(Did you miss me? Even with three lovely ladies guest posting to keep you company? Awww shucks!)
It’s been almost a month to the day since I jetted off for the biggest (and only) European adventure I’ve had this lifetime and after three and a half weeks of nothing but delicious, rich, meaty French food (and a 40+ hour journey home – sob!) I don’t think I’m quite ready to let myself realise it’s all over and start going back over the photos of everything I did and ate whilst there. Not yet anyway.
Maybe when I’ve finished digesting that last delicious baguette that we carted by train from Paris to Amsterdam.
Before I left (and oh! How I left with lofty ambitions of being online from time to time and even, maybe… blogging? Ha!), I went on a bit of a crazy curry bender.
We had, you see, been craving a good Indian curry for a while. We’d even gone to a little restaurant way up on the Central Coast when we went on our Forrester’s Beach camping adventure in order to try satisfy those cravings.
No dice. None whatsoever. It was like playing Yahtzee without the dice. Full of high hopes and crushed dreams.
We’d ordered a fish curry and yellow rice, you see, with the promise of golden, fluffy grains and a slow burning, almost earthy gravy to accompany flakes of firm white fish.
But the rice was merely speckled yellow and the fish tasted like it had been frozen since the dawn of time. The gravy was insipid, sour and slightly burnt. We drank bottles of ginger beer on our return to base to lift our spirits.
This is not that curry.
This curry – this amazingly aromatic, scrape the last vestiges of sauce from the bowl and lick the spoon curry – is something entirely different.
It is smoky with the air of freshly ground and roasted spices. Soothing from the fat of coconut milk. Slippery and unctuous as the slimy seeds of cooked okra escape to thicken the gravy. Hearty from the chunks of fresh, meaty fish.
The rice is tinted with a teaspoon or two of fresh tumeric and cooked with a twisted pandan leaf and a smattering of cloves and cardamom podes (five or six of each should do it) in the pot.
It is a sensory delight.
(It is also the cause of much pain if you forget that you are cooking curry and rub the sleep from your eyes mid way. Not that I did this. Ahem.)
The best thing is that it’s not that much work at all. Well, not as much as I thought it would be. Turns out, my well stocked pantry already contained all of the whole spices (thanks mum!) and it was simply a matter of tossing them into a coffee / spice grinder to kick start the paste.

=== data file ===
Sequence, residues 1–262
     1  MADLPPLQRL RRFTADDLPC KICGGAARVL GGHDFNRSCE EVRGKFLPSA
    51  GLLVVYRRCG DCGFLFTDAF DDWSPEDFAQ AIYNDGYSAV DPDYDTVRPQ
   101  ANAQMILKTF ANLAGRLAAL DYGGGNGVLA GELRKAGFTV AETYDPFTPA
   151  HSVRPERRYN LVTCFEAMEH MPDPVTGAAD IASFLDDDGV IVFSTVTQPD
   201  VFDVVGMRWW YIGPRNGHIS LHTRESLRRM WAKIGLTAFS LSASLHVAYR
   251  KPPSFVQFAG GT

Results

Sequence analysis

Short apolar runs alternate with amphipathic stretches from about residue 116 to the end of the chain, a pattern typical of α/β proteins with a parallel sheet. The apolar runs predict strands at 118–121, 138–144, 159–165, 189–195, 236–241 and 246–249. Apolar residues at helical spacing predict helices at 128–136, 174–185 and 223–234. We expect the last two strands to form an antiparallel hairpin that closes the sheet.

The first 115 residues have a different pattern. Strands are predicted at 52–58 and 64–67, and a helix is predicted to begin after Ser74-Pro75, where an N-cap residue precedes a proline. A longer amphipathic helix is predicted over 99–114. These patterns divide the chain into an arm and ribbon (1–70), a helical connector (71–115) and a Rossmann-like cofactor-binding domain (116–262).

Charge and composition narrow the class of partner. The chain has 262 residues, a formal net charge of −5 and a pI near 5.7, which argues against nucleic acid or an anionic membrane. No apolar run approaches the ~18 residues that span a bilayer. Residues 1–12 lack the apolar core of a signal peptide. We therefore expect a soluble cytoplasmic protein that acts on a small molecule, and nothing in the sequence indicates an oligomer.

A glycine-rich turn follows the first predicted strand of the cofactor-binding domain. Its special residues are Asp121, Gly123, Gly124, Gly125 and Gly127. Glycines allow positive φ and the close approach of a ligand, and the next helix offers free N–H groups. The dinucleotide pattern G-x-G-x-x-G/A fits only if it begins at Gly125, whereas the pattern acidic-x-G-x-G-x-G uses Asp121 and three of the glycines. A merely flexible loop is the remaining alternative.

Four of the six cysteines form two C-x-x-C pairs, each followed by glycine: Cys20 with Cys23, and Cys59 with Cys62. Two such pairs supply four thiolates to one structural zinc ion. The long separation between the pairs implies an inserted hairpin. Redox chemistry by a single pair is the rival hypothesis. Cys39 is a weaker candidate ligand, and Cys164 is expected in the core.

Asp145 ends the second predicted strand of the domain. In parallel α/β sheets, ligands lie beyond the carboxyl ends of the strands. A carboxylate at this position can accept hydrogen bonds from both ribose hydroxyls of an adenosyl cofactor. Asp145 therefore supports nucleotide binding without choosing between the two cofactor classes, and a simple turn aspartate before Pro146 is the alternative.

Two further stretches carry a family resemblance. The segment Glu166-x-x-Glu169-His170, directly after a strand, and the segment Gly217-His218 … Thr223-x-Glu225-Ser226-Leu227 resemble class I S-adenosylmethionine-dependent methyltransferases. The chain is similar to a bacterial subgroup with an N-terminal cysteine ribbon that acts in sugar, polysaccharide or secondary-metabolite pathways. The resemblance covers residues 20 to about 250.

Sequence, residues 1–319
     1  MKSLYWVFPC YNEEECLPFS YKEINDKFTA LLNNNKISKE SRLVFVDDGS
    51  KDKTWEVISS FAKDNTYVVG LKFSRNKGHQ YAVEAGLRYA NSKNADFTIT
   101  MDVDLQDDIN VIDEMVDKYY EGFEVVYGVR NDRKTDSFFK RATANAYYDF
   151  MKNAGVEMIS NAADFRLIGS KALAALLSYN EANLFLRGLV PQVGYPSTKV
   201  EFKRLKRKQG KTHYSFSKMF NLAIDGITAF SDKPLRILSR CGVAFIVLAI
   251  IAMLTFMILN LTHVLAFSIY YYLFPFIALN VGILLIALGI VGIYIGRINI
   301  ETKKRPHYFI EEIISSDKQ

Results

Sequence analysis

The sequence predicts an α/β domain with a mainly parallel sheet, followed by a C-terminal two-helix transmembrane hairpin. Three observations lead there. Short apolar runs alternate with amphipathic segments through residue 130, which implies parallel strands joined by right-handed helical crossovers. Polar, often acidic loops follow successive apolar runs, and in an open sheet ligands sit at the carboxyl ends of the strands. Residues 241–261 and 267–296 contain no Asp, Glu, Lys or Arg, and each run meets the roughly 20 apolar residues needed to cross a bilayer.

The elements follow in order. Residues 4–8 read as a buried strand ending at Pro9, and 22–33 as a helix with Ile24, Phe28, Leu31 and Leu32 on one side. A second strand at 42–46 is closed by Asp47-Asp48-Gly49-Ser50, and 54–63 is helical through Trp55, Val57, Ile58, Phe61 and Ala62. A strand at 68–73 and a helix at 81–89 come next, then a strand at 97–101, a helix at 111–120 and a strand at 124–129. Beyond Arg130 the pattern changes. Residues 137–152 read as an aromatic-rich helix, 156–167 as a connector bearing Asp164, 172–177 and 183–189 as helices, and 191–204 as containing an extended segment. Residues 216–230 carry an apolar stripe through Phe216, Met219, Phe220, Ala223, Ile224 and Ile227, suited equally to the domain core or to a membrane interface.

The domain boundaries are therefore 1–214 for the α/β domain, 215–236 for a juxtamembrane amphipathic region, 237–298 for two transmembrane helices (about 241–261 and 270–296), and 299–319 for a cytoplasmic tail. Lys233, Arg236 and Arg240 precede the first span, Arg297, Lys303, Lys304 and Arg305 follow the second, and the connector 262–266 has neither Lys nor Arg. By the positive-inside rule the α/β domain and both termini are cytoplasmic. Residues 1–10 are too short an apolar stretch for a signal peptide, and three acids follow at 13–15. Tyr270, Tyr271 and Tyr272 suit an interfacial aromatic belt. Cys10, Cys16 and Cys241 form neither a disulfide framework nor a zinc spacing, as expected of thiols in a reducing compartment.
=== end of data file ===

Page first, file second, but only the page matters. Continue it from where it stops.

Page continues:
You could, of course, make a similar curry with store bought curry paste, but it’s somehow not quite the same. The flavours are muted. The grittiness lost.
I made this curry again today, but with chicken and potatoes. Dialled down the tumeric in the curry paste and added an extra two cups of water when the paste was done to cook the potatoes in the spices. When the potatoes were half way to done and the water reduced to almost nothing, I tossed in the chicken, topped with coconut milk and simmered away to freedom and the promise of a delicious dinner for six, accompanied with soy and garlic eggplant and a green bean omelette. Not traditional Indian accompaniments, I know, but I’m not a traditional Indian.
Save this recipe for a weekend, as it will take you the best part of an hour to chop and grind and roast and cook. If you don’t want to make quite as much curry, you can (as I have done previously) take the curry paste all the way until the end of step 4, remove half and freeze it in an air tight container for another time.
fish & okra curry from scratch
you will need:
1tbsp coriander seeds
1tbsp cumin seeds
5-6 small dried chillis
1 tsp tumeric
1/4 tsp dried chilli powder
1 onion, finely chopped
3 cloves garlic, finely chopped
2tbsp vegetable oil
1 star anise
1 cinnamon stick
275ml tin of coconut milk (I used light as that’s what we have in the pantry)
350g white fish (I’ve used Basa and Ling with equal success)
how to do it:
1. Pull out a spice grinder (you can also do this in a mortar and pestle, though it will take longer). Add the coriander seed, cumin seed, cloves, chilli, chilli powder and tumeric to the grinder and whizz until it is a fine powder.
2. Tip the spices into the base of a large pot and heat, stirring occasionally, until you can smell the oils being released from the spices and your eyes start to sting a little.
3. Add the onion, garlic and oil at this point and lower the heat. Stir to cook the onion and garlic so they release their juices. You will have a dry, slightly clumpy paste of spice covered onion at the end of this step. it will smell amazing.
4. Tip the water in and stir to form a paste. (If you are halving the recipe, stop here and remove half to freeze).
5. Immediately add the star anise, cinnamon stick and coconut milk, ensuring the heat is on low. Taste it at this point and add between 1/4 to 1/2tsp salt, depending on how you like it. You’ll notice that as you add the salt, the gravy goes from sweet and spicy to more savoury.
6. To prepare the okra, cut off the hat at the top and the tip at the end. Cut larger pieces in half. To prepare the fish, remove any large bones and cut into 2-3cm cubes.
7. Add the fish and the okra to the gravy and stir well to combine, pop the lid on and cook for about 7 minutes. Check that the fish is cooked through, if not, continue cooking until it is. Serve hot.